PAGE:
White House: US, allies to ban new investments in Russia
The United States and Western allies plan to pile additional sanctions on Russia on Wednesday after the emergence of troubling new evidence of war crimes in Ukraine, according to the White House. The new penalties will include a ban on all new investment in Russia.
Among the other measures being taken against Russia are greater sanctions on its financial institutions and state-owned enterprises, and sanctions on government officials and their family members, according to White House press secretary Jen Psaki.
“The goal is to force them to make a choice,” she said. “The biggest part of our objective here is to deplete the resources that Putin has to continue his war against Ukraine.”
Separately, the Treasury Department moved Tuesday to block any Russian government debt payments with U.S. dollars from accounts at U.S. financial institutions, making it harder for Russia to meet its financial obligations.
The Biden administration also announced Tuesday night that it was sending an additional $100 million worth of military assistance to Ukraine. Pentagon press secretary John Kirby said the new equipment will meet “an urgent Ukrainian need for additional Javelin anti-armor systems.”
President Joe Biden and U.S. allies have worked together to levy a crippling of economic penalties against Russia for invading Ukraine more than a month ago, including the freezing of central bank assets, export controls and the seizing of property, including yachts, that belong to Russia’s wealthy elite. But calls for increased sanctions intensified this week in response to the attacks, killings and destruction in the Ukrainian city of Bucha.
The sanctions are intended to further Russia’s economic, financial and technological “isolation” from the rest of the world as a penalty for its attacks on civilians in Ukraine, Psaki said. That isolation is a key aspect of the U.S. strategy, which is premised on the idea that Russia will ultimately lack the resources and equipment to keep fighting a prolonged war in Ukraine.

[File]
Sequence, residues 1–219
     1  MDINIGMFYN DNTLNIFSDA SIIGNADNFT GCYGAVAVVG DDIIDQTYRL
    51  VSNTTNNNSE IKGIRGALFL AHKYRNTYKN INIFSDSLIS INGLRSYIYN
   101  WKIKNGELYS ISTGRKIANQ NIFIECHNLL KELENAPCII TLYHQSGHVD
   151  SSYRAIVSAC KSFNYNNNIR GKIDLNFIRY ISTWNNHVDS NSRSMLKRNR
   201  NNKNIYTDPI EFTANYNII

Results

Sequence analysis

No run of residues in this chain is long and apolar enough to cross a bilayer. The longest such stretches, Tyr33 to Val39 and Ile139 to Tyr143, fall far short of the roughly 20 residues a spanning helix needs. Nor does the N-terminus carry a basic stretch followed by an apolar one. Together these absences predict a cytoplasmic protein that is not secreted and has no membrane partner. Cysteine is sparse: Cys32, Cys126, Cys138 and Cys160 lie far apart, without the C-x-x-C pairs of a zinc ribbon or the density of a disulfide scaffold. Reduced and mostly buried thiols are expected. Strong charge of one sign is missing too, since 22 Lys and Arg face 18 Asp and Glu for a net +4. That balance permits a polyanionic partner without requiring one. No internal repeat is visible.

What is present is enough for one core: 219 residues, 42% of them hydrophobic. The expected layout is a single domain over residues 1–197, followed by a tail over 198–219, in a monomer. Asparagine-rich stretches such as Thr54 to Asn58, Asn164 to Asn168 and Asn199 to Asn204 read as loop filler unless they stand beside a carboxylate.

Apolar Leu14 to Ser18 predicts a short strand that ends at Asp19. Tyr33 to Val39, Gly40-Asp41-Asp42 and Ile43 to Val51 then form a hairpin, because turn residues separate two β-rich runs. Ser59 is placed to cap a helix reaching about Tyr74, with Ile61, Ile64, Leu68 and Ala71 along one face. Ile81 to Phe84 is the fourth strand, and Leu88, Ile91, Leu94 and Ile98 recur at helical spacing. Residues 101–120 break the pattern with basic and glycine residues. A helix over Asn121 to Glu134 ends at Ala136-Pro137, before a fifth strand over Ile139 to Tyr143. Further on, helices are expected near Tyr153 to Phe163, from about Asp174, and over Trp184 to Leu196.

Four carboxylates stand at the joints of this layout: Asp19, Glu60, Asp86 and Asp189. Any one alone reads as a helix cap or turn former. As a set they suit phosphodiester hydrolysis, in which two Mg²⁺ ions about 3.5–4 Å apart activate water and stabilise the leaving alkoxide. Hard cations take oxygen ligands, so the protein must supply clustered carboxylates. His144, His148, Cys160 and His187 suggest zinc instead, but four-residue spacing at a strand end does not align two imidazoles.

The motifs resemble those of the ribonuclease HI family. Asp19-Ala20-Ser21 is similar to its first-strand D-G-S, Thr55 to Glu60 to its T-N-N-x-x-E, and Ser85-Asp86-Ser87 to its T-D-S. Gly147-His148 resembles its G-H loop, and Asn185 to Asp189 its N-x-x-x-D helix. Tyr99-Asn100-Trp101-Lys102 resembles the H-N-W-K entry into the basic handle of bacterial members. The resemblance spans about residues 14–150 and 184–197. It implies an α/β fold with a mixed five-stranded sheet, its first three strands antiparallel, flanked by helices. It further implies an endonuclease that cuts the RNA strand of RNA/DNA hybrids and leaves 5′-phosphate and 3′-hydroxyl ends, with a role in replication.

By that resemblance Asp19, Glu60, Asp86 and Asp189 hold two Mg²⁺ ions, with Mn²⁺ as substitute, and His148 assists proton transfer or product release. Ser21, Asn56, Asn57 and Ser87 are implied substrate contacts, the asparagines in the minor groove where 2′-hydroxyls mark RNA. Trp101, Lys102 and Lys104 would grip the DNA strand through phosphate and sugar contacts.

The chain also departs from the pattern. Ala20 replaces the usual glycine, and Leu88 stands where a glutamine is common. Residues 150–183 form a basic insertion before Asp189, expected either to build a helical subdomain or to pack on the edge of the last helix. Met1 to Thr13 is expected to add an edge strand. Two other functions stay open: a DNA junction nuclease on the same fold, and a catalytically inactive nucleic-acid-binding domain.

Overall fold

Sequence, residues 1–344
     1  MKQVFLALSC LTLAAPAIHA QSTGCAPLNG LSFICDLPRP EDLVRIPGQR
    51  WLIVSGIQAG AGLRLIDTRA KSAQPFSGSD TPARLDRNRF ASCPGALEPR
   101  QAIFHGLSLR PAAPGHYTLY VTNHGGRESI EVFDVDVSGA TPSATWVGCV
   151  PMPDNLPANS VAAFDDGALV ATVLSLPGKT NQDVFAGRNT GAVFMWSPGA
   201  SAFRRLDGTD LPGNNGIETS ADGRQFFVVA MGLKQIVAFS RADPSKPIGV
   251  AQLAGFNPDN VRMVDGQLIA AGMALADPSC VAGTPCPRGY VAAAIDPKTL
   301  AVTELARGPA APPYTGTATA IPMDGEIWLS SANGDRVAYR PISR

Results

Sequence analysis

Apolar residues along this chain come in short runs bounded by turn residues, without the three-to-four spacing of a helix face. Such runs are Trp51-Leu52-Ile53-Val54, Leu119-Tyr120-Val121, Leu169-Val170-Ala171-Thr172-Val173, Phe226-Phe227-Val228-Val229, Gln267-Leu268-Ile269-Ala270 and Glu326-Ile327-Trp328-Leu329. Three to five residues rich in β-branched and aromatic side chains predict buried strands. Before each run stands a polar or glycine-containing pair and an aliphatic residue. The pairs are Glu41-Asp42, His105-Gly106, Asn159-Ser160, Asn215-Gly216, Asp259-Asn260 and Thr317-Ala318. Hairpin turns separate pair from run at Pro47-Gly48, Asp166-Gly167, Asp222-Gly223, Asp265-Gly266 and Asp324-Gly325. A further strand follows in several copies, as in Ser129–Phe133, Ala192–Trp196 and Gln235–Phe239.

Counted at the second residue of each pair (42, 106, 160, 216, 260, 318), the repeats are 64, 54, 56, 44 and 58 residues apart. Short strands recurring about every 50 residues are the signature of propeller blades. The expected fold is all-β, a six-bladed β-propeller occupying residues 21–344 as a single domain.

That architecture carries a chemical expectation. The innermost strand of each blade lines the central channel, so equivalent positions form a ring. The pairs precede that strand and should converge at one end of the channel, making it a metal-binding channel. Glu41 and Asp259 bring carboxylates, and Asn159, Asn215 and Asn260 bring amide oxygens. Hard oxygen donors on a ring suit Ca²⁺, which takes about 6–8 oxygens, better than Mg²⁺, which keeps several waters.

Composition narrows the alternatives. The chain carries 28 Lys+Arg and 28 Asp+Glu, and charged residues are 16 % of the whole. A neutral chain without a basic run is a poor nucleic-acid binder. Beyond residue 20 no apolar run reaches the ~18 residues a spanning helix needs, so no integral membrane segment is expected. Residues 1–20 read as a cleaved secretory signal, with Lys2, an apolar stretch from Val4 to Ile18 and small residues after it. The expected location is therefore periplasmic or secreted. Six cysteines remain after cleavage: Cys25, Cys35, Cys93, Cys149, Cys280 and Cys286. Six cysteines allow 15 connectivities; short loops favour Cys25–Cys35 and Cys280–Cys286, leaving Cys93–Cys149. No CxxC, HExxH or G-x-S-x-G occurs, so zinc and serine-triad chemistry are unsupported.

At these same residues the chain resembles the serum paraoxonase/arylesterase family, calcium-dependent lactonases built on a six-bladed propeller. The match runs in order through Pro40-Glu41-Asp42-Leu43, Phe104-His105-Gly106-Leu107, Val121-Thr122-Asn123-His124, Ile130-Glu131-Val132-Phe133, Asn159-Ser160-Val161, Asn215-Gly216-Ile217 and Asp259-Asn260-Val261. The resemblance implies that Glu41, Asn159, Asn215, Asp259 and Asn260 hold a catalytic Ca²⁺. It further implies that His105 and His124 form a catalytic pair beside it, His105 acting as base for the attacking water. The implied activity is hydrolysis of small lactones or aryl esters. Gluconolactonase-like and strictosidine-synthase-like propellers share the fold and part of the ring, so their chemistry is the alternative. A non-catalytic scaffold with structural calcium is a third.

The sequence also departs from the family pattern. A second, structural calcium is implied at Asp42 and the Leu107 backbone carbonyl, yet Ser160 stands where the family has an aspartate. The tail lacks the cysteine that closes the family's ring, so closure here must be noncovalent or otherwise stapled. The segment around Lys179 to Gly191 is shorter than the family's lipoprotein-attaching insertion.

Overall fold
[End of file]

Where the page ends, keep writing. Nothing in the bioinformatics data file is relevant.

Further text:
Psaki said the administration is assessing “additional consequences and steps we can put in place” but underscored that Biden is not weighing any military action.
An increasingly desperate Russia has engaged in military tactics that have outraged much of the wider global community, leading to charges that it is committing war crimes and causing other sanctions.
Still, almost all of the EU has refrained from an outright ban on Russian oil and natural gas that would likely crush the Russian economy. The U.S. has banned fossil fuels from Russia, while Lithuania blocked natural gas from that country on Saturday, becoming the first of the 27-member EU to do so. The EU executive branch on Tuesday proposed a ban on Russian coal, while Germany’s government intends to end its use of Russian natural gas over the next two years.
On Monday, Biden called for his Russian counterpart, Vladimir Putin, to be tried for war crimes and face new sanctions because of the atrocities and abuses seen around Kyiv after Russian forces pulled back from the Ukrainian capital. The corpses of what appeared to be civilians were seen strewn in yards, many of them likely killed at close range.
Biden said the U.S. and its allies would gather details for a war crimes trial, stressing that Putin has been “brutal” and his actions “outrageous.”
Associated Press journalists saw dozens of bodies in Bucha on the outskirts of Kyiv. There were at least 13 bodies in and around a building that local people said Russian troops used as a base. Three other bodies were found in a stairwell, and a group of six were burned together.
Many victims seen by the AP appeared to have been shot at close range. Some were shot in the head. At least two had their hands tied. A bag of spilled groceries lay near one victim.